Should England’s schools become ‘engines of social mobility’?
Whilst sociologists and statisticians have continued to argue over the facts of social mobility, a political consensus has emerged as to the solutions. Understandably, perhaps, education has come to be seen as the primary mechanism by which a more mobile society might be created. Politicians might dispute the particulars, but few question education secretary Michael Gove when he argues that schools are ‘the means by which we liberate every child to become the adult they aspire to be’.
It is of course true that schools can inflate one’s aspirations and that academic success makes it easier to progress in life. For these reasons every teacher worthy of that title promotes achievement and seeks to broaden the horizons of the young. In doing so, students grapple with foreign ideas, experiences and sentiments and intellectual mobility is promoted. Cultural vistas are widened, great minds are encountered and pupils learn to expect more from themselves and life. You are a brighter and perhaps better person after you have studied Jane Eyre.
But when Gove suggests that schools should become ‘engines of social mobility’, this is quite a different matter, as it implies that schools exist to serve an economic purpose beyond education itself. Approaching education in this instrumental fashion encourages us to ask the wrong questions. Instead of considering what it is that all students need to know, it directs us to a far narrower set of concerns. And let us be clear about these. A socially mobile society as the government defines it is one in which the labour market is functioning efficiently and fairly. A reasonable policy objective perhaps, but hardly a great motive force for education.
To me, it seems likely that positioning schools as a means of addressing our economic concerns can only result in distorted curriculum priorities. This is perhaps best illustrated by the government’s education white paper The Importance of Teaching. One of the most significant changes it announced was the introduction of the English Baccalaureate, a new way of measuring secondary school success at GCSE level. This quite correctly pushes academic subjects and suggests that curriculum breadth is important, but it also argues that priority should be given to ‘strategic subjects’. This results in an unwelcome bias, as those disciplines that are most typically favoured by employers, such as maths and sciences, are rightly given a heavy weighting, but those that have a more ambiguous relationship to UK Plc are given far shorter shrift. Students have the option, for example, of studying either geography or history, but are not required to do both, while English literature, as a discrete subject, and all of the wider arts, count for nothing.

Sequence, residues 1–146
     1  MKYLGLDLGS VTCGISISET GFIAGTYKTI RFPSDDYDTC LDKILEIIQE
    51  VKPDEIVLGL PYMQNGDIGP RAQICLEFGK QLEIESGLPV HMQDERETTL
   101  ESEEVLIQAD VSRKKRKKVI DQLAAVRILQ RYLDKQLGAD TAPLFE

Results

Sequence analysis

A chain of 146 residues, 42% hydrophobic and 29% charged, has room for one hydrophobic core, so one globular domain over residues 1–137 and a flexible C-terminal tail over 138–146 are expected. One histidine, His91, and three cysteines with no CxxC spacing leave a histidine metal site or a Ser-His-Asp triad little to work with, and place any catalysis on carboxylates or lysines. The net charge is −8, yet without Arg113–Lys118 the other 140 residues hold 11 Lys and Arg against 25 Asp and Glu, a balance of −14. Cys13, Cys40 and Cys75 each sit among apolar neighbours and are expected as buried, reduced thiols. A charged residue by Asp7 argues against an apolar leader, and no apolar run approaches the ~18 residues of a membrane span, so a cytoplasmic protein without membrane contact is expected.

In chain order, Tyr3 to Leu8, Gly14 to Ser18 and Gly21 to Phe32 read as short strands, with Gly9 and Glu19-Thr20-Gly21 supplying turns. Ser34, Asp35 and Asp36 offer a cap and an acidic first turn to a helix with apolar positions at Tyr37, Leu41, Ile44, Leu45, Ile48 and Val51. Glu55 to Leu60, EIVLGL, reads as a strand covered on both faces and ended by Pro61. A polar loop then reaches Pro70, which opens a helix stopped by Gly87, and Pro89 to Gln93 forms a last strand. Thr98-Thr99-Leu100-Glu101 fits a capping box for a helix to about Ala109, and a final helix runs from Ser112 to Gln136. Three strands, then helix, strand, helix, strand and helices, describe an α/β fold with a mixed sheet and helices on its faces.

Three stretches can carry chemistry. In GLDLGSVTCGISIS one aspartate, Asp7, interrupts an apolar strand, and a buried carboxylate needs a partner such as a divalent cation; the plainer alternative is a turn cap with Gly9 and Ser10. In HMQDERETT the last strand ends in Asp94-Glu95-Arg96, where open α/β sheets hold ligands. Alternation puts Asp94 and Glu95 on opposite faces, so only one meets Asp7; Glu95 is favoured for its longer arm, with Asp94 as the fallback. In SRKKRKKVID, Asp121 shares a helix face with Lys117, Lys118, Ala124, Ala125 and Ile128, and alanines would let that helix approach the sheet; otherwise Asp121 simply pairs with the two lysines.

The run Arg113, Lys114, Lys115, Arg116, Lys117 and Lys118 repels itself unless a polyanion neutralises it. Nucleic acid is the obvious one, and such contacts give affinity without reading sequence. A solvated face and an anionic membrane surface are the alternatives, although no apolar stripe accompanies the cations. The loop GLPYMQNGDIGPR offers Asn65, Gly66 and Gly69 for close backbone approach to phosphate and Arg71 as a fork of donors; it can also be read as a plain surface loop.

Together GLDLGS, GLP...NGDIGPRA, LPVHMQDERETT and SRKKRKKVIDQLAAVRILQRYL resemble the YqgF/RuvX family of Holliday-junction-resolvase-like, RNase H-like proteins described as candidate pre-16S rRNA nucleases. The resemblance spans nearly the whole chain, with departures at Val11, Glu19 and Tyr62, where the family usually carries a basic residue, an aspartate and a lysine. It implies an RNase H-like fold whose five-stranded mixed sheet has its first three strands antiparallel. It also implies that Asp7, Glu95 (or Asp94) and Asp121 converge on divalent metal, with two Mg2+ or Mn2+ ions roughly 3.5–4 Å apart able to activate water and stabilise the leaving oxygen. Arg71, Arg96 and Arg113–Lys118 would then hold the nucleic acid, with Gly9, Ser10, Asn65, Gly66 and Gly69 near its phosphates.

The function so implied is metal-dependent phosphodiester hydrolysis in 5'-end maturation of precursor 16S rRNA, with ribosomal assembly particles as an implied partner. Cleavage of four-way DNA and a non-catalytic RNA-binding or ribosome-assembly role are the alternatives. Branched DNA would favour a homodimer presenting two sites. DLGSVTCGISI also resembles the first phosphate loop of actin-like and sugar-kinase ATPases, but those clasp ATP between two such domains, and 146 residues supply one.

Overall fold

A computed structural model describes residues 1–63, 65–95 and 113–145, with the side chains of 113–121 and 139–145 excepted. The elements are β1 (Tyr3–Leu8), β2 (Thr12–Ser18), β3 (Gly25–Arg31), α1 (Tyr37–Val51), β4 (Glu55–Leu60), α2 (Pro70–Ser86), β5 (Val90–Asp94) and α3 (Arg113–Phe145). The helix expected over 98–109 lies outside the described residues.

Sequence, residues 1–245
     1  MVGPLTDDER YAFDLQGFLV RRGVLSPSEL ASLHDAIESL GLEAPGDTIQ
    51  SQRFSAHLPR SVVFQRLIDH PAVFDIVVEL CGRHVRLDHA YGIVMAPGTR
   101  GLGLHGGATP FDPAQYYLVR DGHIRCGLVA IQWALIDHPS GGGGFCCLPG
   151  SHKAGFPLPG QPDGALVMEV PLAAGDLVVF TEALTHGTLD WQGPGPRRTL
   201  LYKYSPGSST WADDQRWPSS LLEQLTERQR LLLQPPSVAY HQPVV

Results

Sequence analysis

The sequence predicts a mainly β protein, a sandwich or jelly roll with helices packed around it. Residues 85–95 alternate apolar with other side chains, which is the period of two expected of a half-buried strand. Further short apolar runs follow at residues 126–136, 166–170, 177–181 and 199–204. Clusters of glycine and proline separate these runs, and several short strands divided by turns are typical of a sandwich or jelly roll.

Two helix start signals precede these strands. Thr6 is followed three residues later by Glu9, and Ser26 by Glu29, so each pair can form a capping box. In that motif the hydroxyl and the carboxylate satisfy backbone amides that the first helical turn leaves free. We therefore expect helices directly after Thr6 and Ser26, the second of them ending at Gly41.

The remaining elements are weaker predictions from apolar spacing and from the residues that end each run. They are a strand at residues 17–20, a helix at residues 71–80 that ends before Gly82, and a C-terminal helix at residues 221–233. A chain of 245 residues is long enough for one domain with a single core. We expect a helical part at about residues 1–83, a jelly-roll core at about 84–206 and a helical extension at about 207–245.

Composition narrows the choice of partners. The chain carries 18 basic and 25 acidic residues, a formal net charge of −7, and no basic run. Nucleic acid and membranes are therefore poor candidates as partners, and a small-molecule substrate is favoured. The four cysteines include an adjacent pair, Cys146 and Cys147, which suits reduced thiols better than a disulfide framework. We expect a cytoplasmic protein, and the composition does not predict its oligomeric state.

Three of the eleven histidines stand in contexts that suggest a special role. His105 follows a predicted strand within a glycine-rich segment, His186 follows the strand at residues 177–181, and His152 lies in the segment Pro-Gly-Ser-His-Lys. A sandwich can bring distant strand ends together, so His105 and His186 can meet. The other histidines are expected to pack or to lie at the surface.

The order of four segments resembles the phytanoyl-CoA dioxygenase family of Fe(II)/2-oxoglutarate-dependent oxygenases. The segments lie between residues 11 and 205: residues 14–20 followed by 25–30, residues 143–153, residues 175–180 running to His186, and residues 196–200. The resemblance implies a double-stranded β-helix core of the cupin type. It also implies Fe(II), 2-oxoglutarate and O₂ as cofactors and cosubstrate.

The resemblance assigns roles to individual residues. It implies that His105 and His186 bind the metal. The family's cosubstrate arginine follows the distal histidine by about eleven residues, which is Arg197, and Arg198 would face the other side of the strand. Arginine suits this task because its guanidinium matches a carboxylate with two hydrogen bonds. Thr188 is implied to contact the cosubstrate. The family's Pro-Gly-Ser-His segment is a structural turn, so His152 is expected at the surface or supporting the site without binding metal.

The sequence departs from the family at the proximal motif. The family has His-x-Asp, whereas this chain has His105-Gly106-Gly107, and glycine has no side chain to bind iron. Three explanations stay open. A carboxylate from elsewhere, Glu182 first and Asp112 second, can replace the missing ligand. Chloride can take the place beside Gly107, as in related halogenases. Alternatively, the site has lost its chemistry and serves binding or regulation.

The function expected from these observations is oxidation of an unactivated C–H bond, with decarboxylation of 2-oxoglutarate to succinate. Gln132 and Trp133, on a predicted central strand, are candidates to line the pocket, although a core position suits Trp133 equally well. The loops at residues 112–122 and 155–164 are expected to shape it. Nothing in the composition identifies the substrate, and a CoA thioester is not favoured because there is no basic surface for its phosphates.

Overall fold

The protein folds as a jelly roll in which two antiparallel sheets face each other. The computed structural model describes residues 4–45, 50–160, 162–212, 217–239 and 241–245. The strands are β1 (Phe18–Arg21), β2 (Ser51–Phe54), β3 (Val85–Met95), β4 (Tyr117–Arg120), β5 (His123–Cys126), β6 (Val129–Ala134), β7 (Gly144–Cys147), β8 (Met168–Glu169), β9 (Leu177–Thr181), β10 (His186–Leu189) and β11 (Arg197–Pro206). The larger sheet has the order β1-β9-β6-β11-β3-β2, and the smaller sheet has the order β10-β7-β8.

In the recent period, politicians have asked schools to address a very long list of policy objectives. New Labour, for example, required teachers to improve civic participation, social inclusion and community cohesion, while the Coalition, which shares and has re-badged many of these concerns, has given a particular emphasis to tacking crime, disorder and political extremism. It is perhaps unsurprising that there is little evidence of any of this working, as these are all problems of the adult world which have been outsourced to schools.
The government’s social mobility strategy should be set in this context. Its key document Opening Doors, Breaking Barriers suggests that amongst other initiatives a renewed focus on academic subjects, extra funding for disadvantaged pupils and better careers advice, will help make England a more mobile society. Personally, I have my doubts, even if these initiatives are laudable in their own terms. Most particularly, I am unclear as to how changes within education can reform the labour market outside of it. If we want to promote mobility, then surely more radical and comprehensive action would be required, which is why it is curious that Opening Doors says so little about what happens to us in the world of work itself, or in terms of strategies for economic growth, where surely the main drivers of mobility are to be found.
There is a really rather fine paragraph on page 41 of The Importance of Teaching. It states that the National Curriculum is important for students and must ‘embody their cultural and scientific inheritance’ and ‘the best that our past and present generations have to pass on to the next’. It warns us that it should not ‘try to cover every conceivable area of human learning or endeavour’ or ‘become a vehicle for imposing passing political fads on our children’. Social mobility is today’s major political fad and it’s simply wrong to position schools as the solution to the problems of the labour market. This undermines the integrity of education and seems unlikely to achieve the outcomes intended. I think that Mr Gove would do well to read this paragraph again.
Throughout October and November, The Independent Online is partnering with the Battle of Ideas festival to present a series of guest blogs from festival speakers on the key questions of our time.
Toby Marshall teaches communications, film and philosophy and is the Programme Development Secretary for the Standing Committee for the Education and Training of Teachers (SCETT). He has produced the Battle of Ideas Satellite session Should England’s schools become ‘engines of social mobility’, organised in partnership with SCETT, which takes place on Thursday 6 October.Tagged in: education, opinion, school
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